Correct spelling, explanation: the origin of succeed is succedere, which was a Latin form meaning come close after. In fact, the word combined two other Latin words, which were sub and cedere – the former one meant close to while the latter one meant to go. Later, succeed also entered Old French, and then in Middle English it appeared in the English language.
Definition of succeed:
1. verb – to get the desired results or to achieve your goals,
You will never succeed in your driving test if you keep getting nervous so badly.
2. verb – to take the position of somebody else,
Janet is retiring in a few weeks so you will succeed her as a project manager.
Phrases and expressions with succeed:
Some commonly used expressions and phrases with succeed include: succeed an office, succeed a fortune, and chance to succeed.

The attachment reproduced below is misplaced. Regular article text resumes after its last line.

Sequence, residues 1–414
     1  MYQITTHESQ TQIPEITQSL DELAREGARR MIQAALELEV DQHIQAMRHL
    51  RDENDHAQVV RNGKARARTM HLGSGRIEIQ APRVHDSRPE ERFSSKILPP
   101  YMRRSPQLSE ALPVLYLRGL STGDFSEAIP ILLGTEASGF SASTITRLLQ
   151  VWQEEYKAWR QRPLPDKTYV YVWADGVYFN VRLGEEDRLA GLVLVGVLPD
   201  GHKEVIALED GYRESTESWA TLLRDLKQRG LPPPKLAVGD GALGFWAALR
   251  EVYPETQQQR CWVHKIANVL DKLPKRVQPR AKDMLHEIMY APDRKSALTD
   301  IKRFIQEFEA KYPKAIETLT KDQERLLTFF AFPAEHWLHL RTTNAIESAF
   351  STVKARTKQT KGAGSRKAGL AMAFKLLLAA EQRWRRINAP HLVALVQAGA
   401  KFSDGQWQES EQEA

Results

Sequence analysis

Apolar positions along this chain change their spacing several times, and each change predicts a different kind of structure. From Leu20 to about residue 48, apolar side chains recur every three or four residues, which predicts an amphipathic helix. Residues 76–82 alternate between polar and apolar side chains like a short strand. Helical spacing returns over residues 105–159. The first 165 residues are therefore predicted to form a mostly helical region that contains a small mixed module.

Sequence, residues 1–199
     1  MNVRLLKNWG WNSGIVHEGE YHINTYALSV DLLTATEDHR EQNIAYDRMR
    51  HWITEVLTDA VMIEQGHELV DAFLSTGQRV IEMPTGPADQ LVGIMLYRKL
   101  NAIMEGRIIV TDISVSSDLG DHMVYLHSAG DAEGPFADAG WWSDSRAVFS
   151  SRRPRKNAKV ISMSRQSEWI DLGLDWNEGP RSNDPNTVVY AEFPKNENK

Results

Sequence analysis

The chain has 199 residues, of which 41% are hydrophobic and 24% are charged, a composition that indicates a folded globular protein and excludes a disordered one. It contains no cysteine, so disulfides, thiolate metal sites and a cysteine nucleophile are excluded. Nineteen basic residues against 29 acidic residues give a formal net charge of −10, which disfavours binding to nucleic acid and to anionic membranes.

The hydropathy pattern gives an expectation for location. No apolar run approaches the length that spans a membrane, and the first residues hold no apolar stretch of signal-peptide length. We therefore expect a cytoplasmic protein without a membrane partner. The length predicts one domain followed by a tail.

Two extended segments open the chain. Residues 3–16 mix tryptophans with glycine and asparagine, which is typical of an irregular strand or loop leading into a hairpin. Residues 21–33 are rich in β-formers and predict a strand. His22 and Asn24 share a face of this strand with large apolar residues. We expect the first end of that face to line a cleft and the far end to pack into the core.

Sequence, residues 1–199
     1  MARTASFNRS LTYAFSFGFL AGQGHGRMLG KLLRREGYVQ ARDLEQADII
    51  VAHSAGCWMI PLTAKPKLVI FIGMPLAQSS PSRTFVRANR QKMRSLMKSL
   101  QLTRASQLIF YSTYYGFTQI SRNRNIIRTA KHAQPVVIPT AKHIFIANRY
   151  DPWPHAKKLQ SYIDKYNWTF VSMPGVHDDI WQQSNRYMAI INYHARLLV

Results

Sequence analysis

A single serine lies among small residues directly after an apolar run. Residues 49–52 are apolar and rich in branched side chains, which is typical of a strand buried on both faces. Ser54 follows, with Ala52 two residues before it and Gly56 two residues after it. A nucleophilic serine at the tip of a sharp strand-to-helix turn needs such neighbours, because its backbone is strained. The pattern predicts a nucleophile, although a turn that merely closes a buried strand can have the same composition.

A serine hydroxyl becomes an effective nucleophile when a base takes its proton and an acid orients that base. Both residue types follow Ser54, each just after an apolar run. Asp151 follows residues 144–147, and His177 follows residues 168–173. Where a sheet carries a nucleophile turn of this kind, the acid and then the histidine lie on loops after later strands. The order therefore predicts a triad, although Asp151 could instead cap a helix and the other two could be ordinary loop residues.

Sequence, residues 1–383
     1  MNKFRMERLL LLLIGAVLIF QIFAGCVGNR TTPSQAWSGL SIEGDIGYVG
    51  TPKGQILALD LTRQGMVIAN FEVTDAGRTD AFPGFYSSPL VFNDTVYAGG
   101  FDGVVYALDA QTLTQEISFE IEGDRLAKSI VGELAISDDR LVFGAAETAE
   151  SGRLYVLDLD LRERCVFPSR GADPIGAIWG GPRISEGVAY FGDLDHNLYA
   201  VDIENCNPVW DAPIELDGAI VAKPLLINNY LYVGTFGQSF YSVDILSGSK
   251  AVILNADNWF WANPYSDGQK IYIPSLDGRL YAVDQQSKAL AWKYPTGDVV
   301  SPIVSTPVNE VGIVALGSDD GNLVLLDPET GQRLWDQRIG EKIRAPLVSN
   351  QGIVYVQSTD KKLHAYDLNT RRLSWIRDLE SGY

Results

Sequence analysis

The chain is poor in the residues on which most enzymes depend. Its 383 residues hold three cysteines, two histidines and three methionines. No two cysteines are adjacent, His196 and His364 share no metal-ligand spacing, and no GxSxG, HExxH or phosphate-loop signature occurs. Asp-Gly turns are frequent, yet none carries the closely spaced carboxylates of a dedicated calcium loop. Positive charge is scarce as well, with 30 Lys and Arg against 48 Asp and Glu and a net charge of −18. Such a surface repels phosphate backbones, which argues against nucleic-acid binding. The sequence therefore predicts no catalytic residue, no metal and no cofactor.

Once the war is over, a new president will succeed an office, which everyone is looking forward to.
We all expected her to succeed a fortune, but to everyone’s surprise, she didn’t get a penny.
There is no chance to succeed if you don’t want to put any effort into your work.
Incorrect spelling, explanation: users of English tend to mix the verb succeed with the noun success. As a consequence, they frequently add the -ed ending to the noun, which results in a form
successed, which is wrong. The verb is succeed, therefore, the past form of that is succeeded.
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